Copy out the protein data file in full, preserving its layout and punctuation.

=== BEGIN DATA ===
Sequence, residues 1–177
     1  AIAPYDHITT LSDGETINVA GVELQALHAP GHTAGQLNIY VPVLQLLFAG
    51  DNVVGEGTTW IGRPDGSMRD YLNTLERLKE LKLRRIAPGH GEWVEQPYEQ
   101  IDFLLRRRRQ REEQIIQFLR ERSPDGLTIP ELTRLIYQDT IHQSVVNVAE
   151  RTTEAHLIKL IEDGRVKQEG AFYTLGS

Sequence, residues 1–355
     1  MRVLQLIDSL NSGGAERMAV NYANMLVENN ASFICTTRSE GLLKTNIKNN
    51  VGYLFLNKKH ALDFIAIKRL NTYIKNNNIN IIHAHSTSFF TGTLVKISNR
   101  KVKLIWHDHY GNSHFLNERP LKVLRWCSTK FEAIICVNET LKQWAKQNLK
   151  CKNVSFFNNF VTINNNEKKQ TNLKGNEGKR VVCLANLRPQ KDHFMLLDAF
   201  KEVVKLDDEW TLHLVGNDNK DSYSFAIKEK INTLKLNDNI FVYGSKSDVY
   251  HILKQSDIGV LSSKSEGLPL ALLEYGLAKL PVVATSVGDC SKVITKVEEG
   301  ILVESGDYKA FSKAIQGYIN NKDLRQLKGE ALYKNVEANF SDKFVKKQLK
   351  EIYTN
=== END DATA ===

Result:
Sequence, residues 1–177
     1  AIAPYDHITT LSDGETINVA GVELQALHAP GHTAGQLNIY VPVLQLLFAG
    51  DNVVGEGTTW IGRPDGSMRD YLNTLERLKE LKLRRIAPGH GEWVEQPYEQ
   101  IDFLLRRRRQ REEQIIQFLR ERSPDGLTIP ELTRLIYQDT IHQSVVNVAE
   151  RTTEAHLIKL IEDGRVKQEG AFYTLGS

Sequence, residues 1–355
     1  MRVLQLIDSL NSGGAERMAV NYANMLVENN ASFICTTRSE GLLKTNIKNN
    51  VGYLFLNKKH ALDFIAIKRL NTYIKNNNIN IIHAHSTSFF TGTLVKISNR
   101  KVKLIWHDHY GNSHFLNERP LKVLRWCSTK FEAIICVNET LKQWAKQNLK
   151  CKNVSFFNNF VTINNNEKKQ TNLKGNEGKR VVCLANLRPQ KDHFMLLDAF
   201  KEVVKLDDEW TLHLVGNDNK DSYSFAIKEK INTLKLNDNI FVYGSKSDVY
   251  HILKQSDIGV LSSKSEGLPL ALLEYGLAKL PVVATSVGDC SKVITKVEEG
   301  ILVESGDYKA FSKAIQGYIN NKDLRQLKGE ALYKNVEANF SDKFVKKQLK
   351  EIYTN